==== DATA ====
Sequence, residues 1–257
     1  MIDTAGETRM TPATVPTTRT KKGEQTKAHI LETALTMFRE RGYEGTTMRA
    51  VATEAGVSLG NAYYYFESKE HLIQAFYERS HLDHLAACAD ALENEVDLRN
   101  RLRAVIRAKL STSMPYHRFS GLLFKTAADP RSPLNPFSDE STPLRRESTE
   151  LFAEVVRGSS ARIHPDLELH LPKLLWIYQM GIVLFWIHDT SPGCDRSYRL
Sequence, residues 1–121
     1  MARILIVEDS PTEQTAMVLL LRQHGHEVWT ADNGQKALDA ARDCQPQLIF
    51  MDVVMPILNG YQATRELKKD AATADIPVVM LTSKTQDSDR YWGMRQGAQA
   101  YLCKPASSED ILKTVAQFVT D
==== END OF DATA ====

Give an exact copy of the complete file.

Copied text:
Sequence, residues 1–257
     1  MIDTAGETRM TPATVPTTRT KKGEQTKAHI LETALTMFRE RGYEGTTMRA
    51  VATEAGVSLG NAYYYFESKE HLIQAFYERS HLDHLAACAD ALENEVDLRN
   101  RLRAVIRAKL STSMPYHRFS GLLFKTAADP RSPLNPFSDE STPLRRESTE
   151  LFAEVVRGSS ARIHPDLELH LPKLLWIYQM GIVLFWIHDT SPGCDRSYRL
Sequence, residues 1–121
     1  MARILIVEDS PTEQTAMVLL LRQHGHEVWT ADNGQKALDA ARDCQPQLIF
    51  MDVVMPILNG YQATRELKKD AATADIPVVM LTSKTQDSDR YWGMRQGAQA
   101  YLCKPASSED ILKTVAQFVT D